Fort Hill, with its limestone glades and rock outcrops, is one of Maryland’s best remaining examples of a limestone forest. In the early 1700s there were 500,000 acres of undisturbed limestone forest in the state; today, only 1,500 acres remain.
On the hot, south-facing slopes of the preserve, the trees are stunted and widely scattered. This sparseness of overstory creates small, grassy openings called limestone glades, which harbor many prairie and barren species, some of which are uncommon in Maryland, such as the purple harebell, rock sandwort, and northern prickly-ash or toothache tree. Other plants include yellow oak, the nationally rare tall larkspur (Delphinium exaltatum), and mountain pimpernel.
Although it is now far above sea level, Fort Hill’s limestone was formed 500 to 600 million years ago under a deep ocean. Many fossils of ocean life are found in exposed bedrock on the preserve.
Created by the steady deposition and compression of shells and coral on the ocean bottom, limestone is high in calcium carbonate. Because the soil that erodes from limestone is highly alkaline, many plants have evolved to require these high pH soils and thus are restricted to limestone areas. Animals that are specially adapted to the limestone-restricted plants also live here.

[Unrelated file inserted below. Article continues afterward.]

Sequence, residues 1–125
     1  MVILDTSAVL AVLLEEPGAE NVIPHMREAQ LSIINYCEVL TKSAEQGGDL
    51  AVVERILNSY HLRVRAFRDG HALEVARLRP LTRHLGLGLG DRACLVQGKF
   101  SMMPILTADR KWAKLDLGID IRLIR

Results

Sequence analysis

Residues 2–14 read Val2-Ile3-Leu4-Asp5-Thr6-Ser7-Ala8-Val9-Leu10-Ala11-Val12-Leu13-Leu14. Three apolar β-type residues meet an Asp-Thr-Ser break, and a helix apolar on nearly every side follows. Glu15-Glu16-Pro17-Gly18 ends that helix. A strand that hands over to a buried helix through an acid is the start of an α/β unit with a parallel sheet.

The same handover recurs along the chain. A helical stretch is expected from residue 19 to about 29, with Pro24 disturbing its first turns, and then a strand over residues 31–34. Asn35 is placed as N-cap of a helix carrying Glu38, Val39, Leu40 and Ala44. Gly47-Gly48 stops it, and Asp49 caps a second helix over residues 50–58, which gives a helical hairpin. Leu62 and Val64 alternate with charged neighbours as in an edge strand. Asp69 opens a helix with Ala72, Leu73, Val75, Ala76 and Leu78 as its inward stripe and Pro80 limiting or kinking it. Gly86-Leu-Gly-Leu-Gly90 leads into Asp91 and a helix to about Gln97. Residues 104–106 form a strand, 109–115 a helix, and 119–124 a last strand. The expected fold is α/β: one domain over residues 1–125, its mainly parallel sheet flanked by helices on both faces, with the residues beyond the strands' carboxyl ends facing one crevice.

So far, 332 acres have been purchased since 1987. Management activities include maintaining a deer exclosure to prevent overbrowsing of rare plants and annual monitoring of the rare plant population.
Fort Hill's limestone forest is fragile, so the preserve is only open to scientific research with prior permission from The Nature Conservancy. Thank you for your understanding and help in protecting this important part of Maryland's natural heritage.